From where I sit - Success by fair means or foul

August 20, 2009

He Chuanyang, an 18-year-old boy from Chongqing, found himself in the national spotlight when the results of the National College Entrance Examination (NCEE) were published earlier this summer.

He came first among all liberal-arts candidates in Chongqing, the most heavily populated city in China, and was admitted to the Guanghua School of Management, Peking University.

Peking and Tsinghua University are the most prestigious institutions in China - so much so that many middle-school classes with the most promising candidates often name themselves "Peking Tsinghua class". The number of pupils that schools send to those universities makes their reputations, leading to better pay for teachers and higher tuition fees for students.

He Chuanyang studied in the Peking Tsinghua class of Nankai Middle School, and his family's dream for him to study at a top institution would have come true if some parents in the same class had not complained to the city authorities.

They were angry because they learnt that more than 200 candidates in the rival Bashu Middle School had been awarded 20 "merit points" for the NCEE on the grounds that they were from an ethnic minority.

In the NCEE, even one point can make the difference between success and failure - and can feel like a matter of life and death. But to make matters worse, for years Bashu has been Nankai's main competitor, and most of those receiving special merit points were pupils from its Peking Tsinghua class.

According to the Southern Weekend newspaper, Nankai parents simply could not believe that all 200 students were real minorities. They decided to complain to the Chongqing and central government authorities, contact the media and even hire private detectives to investigate the children's status.

Bingo: on 29 June, the city authorities announced that 31 candidates had falsely claimed ethnic-minority status, and their merit points would be withdrawn.

But in a twist of fate, one of those found to have cheated in this manner was He Chuanyang. His parents - one is the chief of the local NCEE admissions office - were among 15 public servants implicated in the scandal.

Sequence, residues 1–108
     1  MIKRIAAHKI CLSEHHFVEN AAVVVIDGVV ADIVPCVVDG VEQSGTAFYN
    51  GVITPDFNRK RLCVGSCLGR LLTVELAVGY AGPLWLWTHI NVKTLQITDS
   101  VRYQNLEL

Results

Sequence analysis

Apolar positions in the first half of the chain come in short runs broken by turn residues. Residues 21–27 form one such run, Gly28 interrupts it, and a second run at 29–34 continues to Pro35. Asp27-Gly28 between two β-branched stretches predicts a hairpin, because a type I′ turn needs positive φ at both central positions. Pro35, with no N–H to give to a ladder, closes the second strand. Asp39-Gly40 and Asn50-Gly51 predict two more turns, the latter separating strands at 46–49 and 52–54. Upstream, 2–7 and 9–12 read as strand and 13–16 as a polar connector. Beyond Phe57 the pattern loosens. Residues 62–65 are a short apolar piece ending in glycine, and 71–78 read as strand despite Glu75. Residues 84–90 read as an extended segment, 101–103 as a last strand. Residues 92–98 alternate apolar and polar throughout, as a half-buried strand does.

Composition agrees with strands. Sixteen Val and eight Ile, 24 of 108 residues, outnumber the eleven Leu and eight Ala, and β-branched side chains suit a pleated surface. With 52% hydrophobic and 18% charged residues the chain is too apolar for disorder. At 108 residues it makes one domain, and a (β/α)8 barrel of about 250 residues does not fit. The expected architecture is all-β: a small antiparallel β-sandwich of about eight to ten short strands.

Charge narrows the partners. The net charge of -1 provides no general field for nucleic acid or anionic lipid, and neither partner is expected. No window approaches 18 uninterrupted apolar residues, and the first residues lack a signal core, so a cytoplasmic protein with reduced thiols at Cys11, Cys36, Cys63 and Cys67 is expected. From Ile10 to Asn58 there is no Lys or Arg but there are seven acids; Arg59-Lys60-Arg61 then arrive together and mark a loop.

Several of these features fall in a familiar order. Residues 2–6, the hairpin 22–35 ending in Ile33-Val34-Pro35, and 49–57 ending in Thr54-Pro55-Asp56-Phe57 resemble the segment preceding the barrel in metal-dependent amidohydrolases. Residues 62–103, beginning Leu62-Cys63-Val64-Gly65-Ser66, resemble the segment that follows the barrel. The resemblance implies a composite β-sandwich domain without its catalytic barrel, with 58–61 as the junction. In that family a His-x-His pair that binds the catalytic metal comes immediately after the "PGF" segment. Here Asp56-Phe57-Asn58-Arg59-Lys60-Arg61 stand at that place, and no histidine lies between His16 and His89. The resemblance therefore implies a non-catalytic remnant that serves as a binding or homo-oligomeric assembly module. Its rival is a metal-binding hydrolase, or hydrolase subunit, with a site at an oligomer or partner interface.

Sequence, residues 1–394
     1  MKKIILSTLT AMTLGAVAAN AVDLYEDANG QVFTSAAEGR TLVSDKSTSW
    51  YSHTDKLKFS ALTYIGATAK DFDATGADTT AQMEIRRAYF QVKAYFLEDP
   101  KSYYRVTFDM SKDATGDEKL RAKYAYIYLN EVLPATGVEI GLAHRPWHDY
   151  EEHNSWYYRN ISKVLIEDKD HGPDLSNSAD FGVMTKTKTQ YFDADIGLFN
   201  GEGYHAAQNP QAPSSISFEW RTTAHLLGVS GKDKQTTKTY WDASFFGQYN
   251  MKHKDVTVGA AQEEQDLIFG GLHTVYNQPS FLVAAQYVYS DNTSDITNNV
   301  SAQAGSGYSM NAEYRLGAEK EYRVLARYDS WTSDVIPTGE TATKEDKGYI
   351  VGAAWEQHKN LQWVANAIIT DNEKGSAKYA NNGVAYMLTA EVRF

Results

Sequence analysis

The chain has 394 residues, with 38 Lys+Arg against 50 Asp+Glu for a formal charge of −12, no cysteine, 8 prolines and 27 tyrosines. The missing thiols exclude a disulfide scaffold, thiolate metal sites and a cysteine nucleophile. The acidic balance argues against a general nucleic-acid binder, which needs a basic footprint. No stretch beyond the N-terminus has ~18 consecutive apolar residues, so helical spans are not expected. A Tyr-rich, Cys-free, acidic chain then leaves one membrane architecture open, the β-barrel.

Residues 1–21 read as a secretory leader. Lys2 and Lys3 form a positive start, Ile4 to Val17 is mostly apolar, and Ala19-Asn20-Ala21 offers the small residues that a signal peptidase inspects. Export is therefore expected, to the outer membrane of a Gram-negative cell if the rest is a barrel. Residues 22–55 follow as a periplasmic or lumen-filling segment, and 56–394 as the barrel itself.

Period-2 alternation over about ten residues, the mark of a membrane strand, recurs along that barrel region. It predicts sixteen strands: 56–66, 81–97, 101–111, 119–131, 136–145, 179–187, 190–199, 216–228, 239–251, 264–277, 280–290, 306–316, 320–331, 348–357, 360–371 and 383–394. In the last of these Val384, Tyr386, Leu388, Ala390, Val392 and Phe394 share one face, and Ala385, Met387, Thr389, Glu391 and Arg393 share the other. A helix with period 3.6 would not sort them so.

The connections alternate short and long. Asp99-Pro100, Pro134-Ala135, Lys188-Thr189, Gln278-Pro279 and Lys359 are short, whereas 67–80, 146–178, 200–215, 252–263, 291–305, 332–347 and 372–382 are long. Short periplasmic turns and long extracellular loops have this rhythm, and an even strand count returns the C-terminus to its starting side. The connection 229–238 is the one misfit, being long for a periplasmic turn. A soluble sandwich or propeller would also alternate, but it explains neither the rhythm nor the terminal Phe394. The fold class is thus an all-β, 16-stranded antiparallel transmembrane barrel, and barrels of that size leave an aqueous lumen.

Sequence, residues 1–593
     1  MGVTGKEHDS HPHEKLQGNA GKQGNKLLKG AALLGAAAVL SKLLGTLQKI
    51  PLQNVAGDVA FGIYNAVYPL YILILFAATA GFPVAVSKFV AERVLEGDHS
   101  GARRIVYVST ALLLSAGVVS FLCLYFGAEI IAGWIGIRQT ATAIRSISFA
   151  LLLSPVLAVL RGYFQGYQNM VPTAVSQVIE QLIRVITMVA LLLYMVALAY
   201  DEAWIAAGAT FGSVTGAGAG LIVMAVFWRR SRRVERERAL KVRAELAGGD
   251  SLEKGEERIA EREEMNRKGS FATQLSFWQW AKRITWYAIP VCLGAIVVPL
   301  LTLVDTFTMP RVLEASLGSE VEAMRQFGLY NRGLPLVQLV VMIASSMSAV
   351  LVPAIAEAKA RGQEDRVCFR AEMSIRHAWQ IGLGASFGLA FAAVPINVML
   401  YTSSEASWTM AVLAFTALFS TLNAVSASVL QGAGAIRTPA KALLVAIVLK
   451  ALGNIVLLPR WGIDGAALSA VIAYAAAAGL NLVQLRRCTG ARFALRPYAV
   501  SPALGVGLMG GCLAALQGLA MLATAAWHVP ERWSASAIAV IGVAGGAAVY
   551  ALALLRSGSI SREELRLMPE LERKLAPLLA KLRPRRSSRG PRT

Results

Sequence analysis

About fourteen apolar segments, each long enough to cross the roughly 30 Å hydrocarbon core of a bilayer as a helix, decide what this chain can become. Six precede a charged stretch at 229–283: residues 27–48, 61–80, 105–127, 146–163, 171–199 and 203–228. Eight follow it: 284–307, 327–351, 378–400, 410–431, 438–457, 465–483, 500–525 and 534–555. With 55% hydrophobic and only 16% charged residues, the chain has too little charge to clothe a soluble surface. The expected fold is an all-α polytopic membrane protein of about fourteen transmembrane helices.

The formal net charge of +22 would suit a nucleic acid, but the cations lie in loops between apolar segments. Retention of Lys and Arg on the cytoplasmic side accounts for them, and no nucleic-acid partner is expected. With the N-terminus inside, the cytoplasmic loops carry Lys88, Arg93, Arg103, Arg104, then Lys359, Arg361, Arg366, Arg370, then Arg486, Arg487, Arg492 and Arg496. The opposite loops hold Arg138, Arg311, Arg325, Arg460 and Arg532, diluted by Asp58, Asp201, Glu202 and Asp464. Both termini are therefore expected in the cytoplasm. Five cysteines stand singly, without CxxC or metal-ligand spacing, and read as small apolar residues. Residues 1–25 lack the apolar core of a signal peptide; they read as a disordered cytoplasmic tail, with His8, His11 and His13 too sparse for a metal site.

He Chuanyang lost his place at Peking and was also rejected by the University of Hong Kong. His despairing mother said she could accept any punishment but insisted her son was innocent.

Falsely claiming minority status is not the only way to cheat. In May, the China Youth Daily newspaper reported the abuse of an aeromodelling competition in Zhejiang Province by the children of officials or businessmen. Their work was substandard, but still counted towards the NCEE.

In 1950, China initiated the NCEE merit-point system for the children of revolutionary martyrs and minority candidates. From the late 1970s, the system has been extended to now comprise 12 categories set by the Ministry of Education, catering for children with special gifts in the arts, sports, sciences and literature, and even those who have "conducted outstanding good deeds because of political consciousness".

According to an editorial calling for stricter regulation in China Education Daily, a newspaper published by the ministry, many merit categories "lack clear criteria and easily slip into corruption".

In an interview with Southern Weekend, Lang Rangrang, one of He Chuanyang's classmates, said: "We are not afraid of competition, but we are afraid of unfair competition."

Hong Bing is associate professor at the School of Journalism, Fudan University, Shanghai.

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